The Electric Vehicle Consumer Consultation was open from August 10, 2021, until January 17, 2022, and a total of 3,063 participants completed the survey. The consultation aimed to collect feedback from Canadians who own or are likely to own EVs in the near future concerning EV charging procedures, billing approaches and payment methods. The input received during this consultation will inform Measurement Canada decisions when developing kilowatt-hour (kWh) billing requirements for EV charging stations in the Canadian marketplace.
Summary of findings
- More than half of the participants (55%) agreed that Measurement Canada should provide oversight of EV chargers that include a charge for the time that a vehicle is connected to a charger; they indicated that accurate measurement of charging time is important to them.
- Most participants (92%) indicated that they charge their vehicles at their private residence, considering this to be the most effective way to charge their EVs.
- In terms of billing, most participants (93%) indicated that EV charging was included as part of their overall bill for electricity since they charge their vehicle primarily at home.
- Only a few respondents indicated that their home (residential) EV charger had a separate meter attached.
- A large proportion of respondents (88%) indicated that their most frequent billing experience when using a commercial public EV charging station was based on time connected to the charger. Other respondents (18%) indicated that their most frequent billing experience was based on energy delivered to their EV and, for a smaller proportion (10%), it was based on a combination of measured energy delivered to the vehicle and time connected to the charger.
- Open-ended comments pointed to a preference for a charge per kWh instead of a charge based on the time connected to the charger. However, a significant number of respondents see a justification for a combined charge based on kWh plus a flat fee for time or usage in order to discourage idling and taking up a rare EV charging spot.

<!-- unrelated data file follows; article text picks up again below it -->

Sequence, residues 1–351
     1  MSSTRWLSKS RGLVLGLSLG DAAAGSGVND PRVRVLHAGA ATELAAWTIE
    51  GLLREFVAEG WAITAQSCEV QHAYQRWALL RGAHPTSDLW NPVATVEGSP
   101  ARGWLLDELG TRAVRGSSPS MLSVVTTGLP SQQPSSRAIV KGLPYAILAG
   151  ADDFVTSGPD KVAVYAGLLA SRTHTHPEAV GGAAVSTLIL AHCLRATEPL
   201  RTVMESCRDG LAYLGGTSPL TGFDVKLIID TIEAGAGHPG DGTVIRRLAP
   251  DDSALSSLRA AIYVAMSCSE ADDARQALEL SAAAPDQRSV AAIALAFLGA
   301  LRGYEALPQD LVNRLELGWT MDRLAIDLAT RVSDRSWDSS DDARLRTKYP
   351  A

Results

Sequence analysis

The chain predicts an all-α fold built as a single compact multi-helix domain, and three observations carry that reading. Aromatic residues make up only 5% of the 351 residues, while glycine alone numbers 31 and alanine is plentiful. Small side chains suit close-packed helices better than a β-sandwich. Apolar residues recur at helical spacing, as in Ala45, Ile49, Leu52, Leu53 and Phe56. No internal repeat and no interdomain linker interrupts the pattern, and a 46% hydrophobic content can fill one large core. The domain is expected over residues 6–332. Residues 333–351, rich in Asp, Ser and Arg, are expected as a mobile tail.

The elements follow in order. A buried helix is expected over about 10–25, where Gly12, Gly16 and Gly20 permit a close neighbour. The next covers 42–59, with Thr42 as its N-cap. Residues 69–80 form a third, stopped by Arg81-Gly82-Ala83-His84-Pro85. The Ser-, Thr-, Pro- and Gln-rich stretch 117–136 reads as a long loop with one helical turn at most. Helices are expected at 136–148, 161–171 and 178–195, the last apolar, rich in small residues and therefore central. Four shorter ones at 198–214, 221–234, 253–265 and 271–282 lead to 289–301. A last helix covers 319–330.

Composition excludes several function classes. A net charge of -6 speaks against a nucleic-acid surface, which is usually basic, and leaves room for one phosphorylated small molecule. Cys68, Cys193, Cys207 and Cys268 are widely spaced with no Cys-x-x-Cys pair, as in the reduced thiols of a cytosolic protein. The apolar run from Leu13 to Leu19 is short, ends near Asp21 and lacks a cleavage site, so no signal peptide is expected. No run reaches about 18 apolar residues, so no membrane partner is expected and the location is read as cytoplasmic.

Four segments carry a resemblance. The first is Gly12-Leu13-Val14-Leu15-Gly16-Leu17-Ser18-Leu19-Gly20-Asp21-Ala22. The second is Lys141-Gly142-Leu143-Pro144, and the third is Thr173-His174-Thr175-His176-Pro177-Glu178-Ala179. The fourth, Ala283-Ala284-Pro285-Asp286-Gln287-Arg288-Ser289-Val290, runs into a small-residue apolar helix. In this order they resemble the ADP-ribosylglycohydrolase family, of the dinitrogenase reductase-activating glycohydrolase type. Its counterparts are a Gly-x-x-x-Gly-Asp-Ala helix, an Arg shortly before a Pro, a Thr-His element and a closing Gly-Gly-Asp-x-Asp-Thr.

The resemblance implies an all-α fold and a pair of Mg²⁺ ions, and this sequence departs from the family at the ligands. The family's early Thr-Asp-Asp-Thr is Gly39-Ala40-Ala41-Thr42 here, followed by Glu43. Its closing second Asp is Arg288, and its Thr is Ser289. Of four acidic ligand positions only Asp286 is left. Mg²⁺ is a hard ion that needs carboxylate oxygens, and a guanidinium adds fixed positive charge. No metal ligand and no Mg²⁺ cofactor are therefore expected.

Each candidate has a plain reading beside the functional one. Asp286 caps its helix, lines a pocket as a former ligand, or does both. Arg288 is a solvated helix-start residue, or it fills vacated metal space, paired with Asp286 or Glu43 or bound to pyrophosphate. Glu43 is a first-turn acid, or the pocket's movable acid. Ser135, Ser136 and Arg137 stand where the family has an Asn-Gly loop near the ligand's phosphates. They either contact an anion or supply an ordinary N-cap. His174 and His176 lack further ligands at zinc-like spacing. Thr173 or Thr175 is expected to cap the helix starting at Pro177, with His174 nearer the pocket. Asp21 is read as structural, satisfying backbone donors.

Billing information preferences, digital receipts and disputes
The respondents indicated that the most important features they want to see on their EV charge bill include:
- total charges (96% of respondents),
- energy delivered in kWh (92% of respondents),
- rate of charge ($/kWh) (86% of respondents),
- date of charge (85% of respondents), and
- name and location of the charging station (81% of respondents).
Concerning billing and commercial charging stations, 78% of participants indicated that commercial EV charging stations do not print paper receipts. Instead, customers receive a digital copy in their email inbox or via an application on their smartphone or other device. The results indicate that the primary payment method for EV charger billing is currently smartphone applications (67% of respondents). In addition, 96% of respondents indicated they received their billing information in their choice of official language, and 88% of respondents reported never having an issue, disagreement or dispute related to the billing method used at commercial charging stations (only 7% reported experiencing an issue, and 5% reported uncertainty as to whether they experienced an issue).
Charging station preferences
The majority of respondents (92%) primarily use a private residence charging station, but only a small fraction (8%) primarily use a multi-residence charging station. Almost one quarter (24%) indicated they charge their EVs at their workplace or school for free. A large proportion of respondents (88%) also use commercial public charging stations where fees are incurred. Of those respondents, most prefer Level 2 (84%) and Level 3 (79%) charging over Level 1 (only 26% had a preference for Level 1) charging.
Consultation exercises with consumers continue on several fronts, including through other government departments. Measurement Canada EV survey remains available on its website and invitations to engage with MC continue to be sent out to potential stakeholders.